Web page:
This is about a boy who had an imaginative mind for as long as he could remember. He would invent animals and vehicles and fighter planes and imaginary missions. He would watch the sunlight being reflected from the surface of water for long whiles and blow soap bubble palaces when he was really small. This is about a boy who once filled up a blank labeled Guardian with the words ‘Mom/Dad’.
This is about a boy who was good at spelling from very early years, and owed it to the many books he read at home. His fertile imagination was also one product of the numerous stories he read. He would find out little things he was good at and invent games that required those specific talents and play them with his school friends, emerging as the winner most of the time, of course.
This is about a boy who developed a soft spot for girls much, much before his friends did, and sought to show off to a particular one or two of them and feel stupid about it later on when he was older.
This is about a boy who loved nature always, and could never stand a leaf being plucked from a tree, or even a flower. He could also never come to terms with the idea that a certain plant belonged to this neighbour or that person, because he never really could figure out how a living thing, with a life to lead and death to die, could ever belong to some other living thing, with its own life to live and death to die. And yes, he loved the rain too. He was, however, exceptionally afraid of spiders, and – here’s the strange part – butterflies and moths, especially the ones with big wings.
He was also very drawn to invent and manufacture things on his own, and he would build houses from old shoe-boxes, and speed-boats from craft paper, and he once built a Spiderman model from some plastic clay. Three or four cartoon posters also came off his hands. Most of his creations, however, were eventually lost or damaged due to negligence.
This is about a boy who had a number of crushes early in life, but could never hang onto them. This is about a boy who, as he grew with time, changed remarkably. He learnt how to masturbate, and then almost killed himself mentally trying to forget it. He was also a boy who, instead of enjoying the moment, fell to wondering about the strange connection between processes in his body and thoughts in his mind when an orgasm occurred. He was a boy who had rebellious, out-of-the-world philosophy in his head, and thought himself special for that. He was a boy who managed to fall in love after a long string of crushes, but only for three days before the girl decided that it wouldn’t work out. It was a very prudent decision, as the boy came to realize later. The girl never really could have been all that he wanted from love and he himself wasn’t half what the girl wanted.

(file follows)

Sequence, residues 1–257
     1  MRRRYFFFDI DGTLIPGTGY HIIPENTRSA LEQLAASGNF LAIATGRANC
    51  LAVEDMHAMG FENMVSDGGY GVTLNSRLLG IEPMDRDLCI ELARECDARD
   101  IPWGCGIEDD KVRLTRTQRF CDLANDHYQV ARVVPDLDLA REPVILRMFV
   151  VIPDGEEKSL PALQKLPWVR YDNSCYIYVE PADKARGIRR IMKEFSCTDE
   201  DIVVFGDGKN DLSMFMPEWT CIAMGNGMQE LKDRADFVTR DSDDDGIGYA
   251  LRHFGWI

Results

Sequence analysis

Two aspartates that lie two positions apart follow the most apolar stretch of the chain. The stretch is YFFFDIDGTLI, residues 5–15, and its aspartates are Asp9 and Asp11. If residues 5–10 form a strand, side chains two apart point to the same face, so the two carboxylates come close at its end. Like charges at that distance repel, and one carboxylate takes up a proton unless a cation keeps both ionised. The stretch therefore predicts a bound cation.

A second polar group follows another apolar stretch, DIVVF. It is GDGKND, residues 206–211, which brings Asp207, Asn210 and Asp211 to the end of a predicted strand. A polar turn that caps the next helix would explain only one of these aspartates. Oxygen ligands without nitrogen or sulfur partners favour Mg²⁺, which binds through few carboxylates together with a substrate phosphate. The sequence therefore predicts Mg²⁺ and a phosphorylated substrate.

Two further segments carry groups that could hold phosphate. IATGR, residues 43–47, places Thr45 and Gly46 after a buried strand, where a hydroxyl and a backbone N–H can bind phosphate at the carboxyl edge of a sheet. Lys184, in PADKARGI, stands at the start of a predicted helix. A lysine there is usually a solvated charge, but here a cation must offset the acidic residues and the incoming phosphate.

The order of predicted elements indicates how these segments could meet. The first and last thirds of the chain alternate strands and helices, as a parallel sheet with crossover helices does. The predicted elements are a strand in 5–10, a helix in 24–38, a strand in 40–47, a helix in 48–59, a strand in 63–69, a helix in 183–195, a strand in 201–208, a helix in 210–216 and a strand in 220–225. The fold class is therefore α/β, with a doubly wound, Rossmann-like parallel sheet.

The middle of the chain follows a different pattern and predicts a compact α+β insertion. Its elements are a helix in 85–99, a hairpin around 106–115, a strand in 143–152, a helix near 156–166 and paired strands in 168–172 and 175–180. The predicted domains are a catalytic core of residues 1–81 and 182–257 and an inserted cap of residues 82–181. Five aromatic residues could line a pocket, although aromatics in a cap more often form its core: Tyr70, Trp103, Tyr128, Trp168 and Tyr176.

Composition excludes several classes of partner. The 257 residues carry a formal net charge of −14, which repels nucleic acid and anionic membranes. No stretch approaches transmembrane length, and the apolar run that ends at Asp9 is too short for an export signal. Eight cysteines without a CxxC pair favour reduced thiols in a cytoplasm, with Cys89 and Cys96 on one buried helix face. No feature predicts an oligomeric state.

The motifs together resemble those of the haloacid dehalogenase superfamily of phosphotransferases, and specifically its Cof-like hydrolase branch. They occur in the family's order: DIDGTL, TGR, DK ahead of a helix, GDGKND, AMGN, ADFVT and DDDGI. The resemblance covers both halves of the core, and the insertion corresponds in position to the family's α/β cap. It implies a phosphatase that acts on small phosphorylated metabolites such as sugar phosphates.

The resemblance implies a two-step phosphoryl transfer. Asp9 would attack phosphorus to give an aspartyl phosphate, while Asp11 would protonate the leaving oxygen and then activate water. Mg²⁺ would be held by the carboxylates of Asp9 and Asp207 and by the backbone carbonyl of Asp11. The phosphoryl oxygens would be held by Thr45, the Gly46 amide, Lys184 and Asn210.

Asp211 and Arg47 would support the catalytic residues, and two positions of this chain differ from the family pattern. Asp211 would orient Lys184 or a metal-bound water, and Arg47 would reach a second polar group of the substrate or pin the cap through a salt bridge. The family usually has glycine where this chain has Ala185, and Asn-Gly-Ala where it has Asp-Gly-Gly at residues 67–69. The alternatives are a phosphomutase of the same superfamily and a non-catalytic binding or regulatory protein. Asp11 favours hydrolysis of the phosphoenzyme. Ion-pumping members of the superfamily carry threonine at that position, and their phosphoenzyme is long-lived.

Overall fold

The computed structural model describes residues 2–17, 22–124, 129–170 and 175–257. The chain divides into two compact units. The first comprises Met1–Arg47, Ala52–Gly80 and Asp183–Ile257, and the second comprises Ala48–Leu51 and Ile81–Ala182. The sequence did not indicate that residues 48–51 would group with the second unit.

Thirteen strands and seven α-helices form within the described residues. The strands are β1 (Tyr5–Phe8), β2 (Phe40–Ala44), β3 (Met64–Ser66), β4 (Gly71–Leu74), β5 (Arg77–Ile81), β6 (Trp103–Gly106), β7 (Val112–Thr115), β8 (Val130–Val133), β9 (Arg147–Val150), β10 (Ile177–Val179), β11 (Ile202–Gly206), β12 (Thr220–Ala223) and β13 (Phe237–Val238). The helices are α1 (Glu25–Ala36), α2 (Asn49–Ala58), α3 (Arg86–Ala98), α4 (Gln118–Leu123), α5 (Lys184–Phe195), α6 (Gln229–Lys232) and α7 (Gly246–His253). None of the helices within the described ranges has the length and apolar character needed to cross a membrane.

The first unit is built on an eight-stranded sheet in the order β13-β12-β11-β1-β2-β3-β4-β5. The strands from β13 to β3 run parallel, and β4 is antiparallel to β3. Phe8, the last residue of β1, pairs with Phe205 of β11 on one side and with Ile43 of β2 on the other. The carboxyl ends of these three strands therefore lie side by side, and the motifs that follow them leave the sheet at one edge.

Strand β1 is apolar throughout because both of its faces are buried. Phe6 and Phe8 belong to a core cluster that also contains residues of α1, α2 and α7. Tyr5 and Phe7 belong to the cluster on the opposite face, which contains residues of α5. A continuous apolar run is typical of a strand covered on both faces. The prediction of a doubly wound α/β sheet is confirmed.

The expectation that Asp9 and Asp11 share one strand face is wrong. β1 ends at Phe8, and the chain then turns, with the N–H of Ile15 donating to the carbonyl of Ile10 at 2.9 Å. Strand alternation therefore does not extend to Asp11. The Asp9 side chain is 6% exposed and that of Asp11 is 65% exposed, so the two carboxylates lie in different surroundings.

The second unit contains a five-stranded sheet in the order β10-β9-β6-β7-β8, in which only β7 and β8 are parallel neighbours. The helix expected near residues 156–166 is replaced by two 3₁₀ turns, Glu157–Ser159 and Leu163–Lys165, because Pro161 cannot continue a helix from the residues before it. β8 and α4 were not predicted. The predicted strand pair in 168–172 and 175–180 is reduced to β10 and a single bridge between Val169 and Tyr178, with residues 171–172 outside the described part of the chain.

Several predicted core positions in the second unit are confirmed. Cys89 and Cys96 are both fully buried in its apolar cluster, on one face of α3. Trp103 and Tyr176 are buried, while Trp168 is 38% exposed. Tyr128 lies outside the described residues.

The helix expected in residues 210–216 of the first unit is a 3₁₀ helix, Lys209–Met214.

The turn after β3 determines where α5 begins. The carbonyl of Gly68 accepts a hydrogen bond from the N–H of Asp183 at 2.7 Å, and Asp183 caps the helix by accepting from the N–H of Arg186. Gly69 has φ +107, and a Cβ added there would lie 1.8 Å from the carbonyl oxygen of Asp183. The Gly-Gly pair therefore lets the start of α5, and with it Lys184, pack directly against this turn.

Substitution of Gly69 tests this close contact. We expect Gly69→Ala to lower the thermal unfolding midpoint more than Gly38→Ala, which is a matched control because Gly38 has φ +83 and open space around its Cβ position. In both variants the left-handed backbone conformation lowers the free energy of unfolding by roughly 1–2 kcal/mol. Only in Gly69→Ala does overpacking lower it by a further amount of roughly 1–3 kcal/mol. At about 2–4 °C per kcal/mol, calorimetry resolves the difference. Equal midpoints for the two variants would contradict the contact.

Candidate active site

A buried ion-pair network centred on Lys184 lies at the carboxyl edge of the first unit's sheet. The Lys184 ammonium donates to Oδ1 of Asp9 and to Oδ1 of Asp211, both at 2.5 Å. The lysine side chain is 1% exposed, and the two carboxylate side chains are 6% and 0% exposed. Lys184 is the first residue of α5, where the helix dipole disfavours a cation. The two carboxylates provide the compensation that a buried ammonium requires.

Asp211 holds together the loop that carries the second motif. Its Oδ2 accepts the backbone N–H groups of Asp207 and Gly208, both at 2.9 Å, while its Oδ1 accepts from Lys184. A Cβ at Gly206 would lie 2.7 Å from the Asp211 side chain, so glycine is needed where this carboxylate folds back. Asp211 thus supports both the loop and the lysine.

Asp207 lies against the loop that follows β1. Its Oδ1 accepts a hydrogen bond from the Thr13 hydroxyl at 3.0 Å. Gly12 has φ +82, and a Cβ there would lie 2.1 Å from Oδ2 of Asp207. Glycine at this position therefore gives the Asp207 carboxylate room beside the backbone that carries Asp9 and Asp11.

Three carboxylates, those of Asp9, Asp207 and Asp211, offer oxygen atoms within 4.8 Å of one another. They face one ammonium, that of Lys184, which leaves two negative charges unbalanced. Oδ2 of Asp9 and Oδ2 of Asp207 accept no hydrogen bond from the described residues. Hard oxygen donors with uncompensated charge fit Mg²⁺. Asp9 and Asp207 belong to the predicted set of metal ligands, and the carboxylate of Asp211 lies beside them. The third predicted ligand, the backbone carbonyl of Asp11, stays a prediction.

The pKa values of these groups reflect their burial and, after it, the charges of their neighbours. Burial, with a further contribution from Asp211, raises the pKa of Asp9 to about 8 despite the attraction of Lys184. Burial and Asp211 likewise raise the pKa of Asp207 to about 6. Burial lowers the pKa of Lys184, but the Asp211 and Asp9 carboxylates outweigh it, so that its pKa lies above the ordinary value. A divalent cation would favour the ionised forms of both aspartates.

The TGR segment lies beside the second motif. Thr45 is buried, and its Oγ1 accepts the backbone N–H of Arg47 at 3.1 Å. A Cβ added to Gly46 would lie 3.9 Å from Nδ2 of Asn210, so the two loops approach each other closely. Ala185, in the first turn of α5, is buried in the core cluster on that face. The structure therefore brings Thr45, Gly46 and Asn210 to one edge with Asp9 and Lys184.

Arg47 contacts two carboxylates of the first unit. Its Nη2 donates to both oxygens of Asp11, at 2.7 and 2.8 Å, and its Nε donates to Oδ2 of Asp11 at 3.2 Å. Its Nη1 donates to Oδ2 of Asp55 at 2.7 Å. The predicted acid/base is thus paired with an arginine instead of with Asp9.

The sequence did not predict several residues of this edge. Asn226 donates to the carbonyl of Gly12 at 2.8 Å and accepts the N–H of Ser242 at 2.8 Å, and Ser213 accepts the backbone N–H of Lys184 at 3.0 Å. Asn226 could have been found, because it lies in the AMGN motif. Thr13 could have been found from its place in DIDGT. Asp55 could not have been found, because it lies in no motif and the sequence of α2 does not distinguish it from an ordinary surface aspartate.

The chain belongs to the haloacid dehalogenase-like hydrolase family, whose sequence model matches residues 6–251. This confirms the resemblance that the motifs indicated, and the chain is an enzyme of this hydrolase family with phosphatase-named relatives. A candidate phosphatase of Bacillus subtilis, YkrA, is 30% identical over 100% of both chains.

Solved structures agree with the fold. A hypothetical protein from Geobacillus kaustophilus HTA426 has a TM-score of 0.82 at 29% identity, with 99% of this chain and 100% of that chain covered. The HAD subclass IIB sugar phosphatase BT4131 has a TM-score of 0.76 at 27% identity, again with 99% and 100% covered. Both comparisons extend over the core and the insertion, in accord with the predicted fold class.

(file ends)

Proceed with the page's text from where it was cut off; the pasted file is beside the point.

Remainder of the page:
He was a boy whose insides sometimes became more powerful than his outside, and he would fight. Fight for as long the last pulse of will lived in him, against an unexplainable, incomprehensible force inside that he couldn’t explain to his friends. He started to get depressed more and more often, and slowly, gradually, inconspicuously, it no longer remained momentary depression, no longer a state of mind, but rather his mind itself, his nature. He became a quieter boy, and in some ways he liked the change, as in other ways he hated it like hell.
He also hated authority and control, especially at home. He wished his life were a bit more like some of his other friends’ whose parents were a lot cooler than his. Pressure at school and suppression at home led him often to think how it would be if somehow his death became predetermined, preordained. He had daydreams of having cancer, having once seen one of his teachers infected with it. He wondered how many of the people he knew would miss him, how many of his friends would never want to let him go. Deep inside, he felt a terrible, terrible hankering for a person who would miss him like a dead man misses his life, and never want to let go. He treasured this frame in his mind, waiting for someday when he could find a picture to fit it.
And then, he met a girl on the internet one day, and she turned out to be from his own school, although she was a year above him. They came to know each other better through phone calls, and slowly moved to a position where they could confide in each other, say things that would otherwise remain inside, and value each other for that. They told stories about their lives, things they had seen, places they had been to. And this is about a boy who had seen and experienced a lot of things, and so he never ran out of things to say. Shortly after, they knew they were in love, and as far as I know, they are still in love.
So, this is about a boy who had led quite a life in the first half of it, and this is about a boy who understood how his life had not been normal, and how it deserved to be written down somewhere.
And this is about a boy who chose to write this down to tell the story of his life.